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#BizTrends2018: The evolution of fintech: Middlemen beware
In 2016 alone, over $17bn was invested in fintech start-ups. And when all the numbers are in for 2017, this figure is likely to double. Each and every one of these well-funded fintech startups intends to disrupt - and erode - the profitability of established financial industry business models. With all this money flying around, it is tempting to confuse the shiny new technology with the real underlying trends set to disrupt the financial industry. Here are the ones to watch, and why they are important.
From Bitcoin to the blockchain
Thanks to a phenomenal surge in price in 2017, a single Bitcoin is now worth over R100,000. It is safe to say that virtual currencies have gone mainstream. However, the blockchain, the ledger-based technology behind bitcoin is much more interesting.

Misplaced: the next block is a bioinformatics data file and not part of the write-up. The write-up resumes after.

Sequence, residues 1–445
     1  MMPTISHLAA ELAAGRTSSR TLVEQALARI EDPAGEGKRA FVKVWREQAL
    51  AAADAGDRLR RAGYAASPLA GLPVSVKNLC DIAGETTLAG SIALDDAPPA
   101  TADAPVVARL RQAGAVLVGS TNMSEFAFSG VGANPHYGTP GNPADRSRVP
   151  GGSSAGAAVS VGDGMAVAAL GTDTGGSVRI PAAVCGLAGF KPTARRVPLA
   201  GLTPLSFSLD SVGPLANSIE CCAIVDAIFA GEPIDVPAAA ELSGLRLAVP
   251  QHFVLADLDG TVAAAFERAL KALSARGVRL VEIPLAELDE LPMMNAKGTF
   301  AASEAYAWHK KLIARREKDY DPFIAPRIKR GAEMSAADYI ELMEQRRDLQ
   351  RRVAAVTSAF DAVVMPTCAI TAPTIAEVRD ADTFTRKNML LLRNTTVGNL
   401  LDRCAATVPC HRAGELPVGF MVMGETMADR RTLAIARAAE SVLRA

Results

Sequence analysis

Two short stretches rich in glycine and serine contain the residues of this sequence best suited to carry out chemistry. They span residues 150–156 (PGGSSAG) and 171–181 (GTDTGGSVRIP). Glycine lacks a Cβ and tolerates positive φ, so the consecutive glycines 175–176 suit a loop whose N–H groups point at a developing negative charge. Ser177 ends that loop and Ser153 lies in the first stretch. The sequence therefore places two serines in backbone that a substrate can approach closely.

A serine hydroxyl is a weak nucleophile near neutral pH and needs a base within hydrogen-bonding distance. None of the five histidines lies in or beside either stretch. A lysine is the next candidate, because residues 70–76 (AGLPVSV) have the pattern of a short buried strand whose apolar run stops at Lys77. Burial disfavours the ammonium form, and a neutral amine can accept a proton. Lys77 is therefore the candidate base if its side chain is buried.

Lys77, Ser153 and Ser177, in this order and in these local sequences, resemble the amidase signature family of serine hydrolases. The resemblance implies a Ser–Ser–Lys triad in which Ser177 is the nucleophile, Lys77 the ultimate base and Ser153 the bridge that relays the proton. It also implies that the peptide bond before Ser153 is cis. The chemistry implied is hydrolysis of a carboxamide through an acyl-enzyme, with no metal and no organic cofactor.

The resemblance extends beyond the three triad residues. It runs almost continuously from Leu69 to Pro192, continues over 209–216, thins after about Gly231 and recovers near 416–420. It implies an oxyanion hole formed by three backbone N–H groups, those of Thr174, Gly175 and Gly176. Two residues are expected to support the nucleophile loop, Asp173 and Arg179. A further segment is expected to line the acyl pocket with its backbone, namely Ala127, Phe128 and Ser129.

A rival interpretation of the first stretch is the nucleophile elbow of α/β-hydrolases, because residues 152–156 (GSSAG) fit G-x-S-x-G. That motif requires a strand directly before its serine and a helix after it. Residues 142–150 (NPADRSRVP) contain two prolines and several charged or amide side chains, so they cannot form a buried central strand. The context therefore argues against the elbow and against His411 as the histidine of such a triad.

If 2017 was the year of Bitcoin, 2018 is set to be the year of blockchain. In particular, we will begin to start using blockchain-enabled smart contracts in our day to day lives. Smart contracts, powered by blockchain ledger technology can verify ownership and enable secure peer-to-peer transactions for everything from rental leases and property transfers to rare art, patents, copyrights and diamonds. No lawyers or bankers required.
Once consumers are comfortable with the idea of transacting with cryptocurrencies, smart contracts are the logical next step.
And what about the established financial industry? According to Accenture’s, nine out of 10 banking executives admit their banks are currently exploring the use of blockchain.
However, the “block” in banks adopting blockchain technology across the formal forex market lies in the fact that until all banks adopt the technology, the chain will not be complete. In other words, banks can only feasibly use the blockchain for domestic and international currency transactions when all other banks do the same.
From roboadvisors to chat banking